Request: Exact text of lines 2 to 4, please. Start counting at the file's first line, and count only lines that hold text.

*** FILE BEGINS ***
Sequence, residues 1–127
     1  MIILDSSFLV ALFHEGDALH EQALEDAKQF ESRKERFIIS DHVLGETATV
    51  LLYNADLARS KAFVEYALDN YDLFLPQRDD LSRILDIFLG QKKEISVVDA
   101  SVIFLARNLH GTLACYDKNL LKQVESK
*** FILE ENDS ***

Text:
     1  MIILDSSFLV ALFHEGDALH EQALEDAKQF ESRKERFIIS DHVLGETATV
    51  LLYNADLARS KAFVEYALDN YDLFLPQRDD LSRILDIFLG QKKEISVVDA
   101  SVIFLARNLH GTLACYDKNL LKQVESK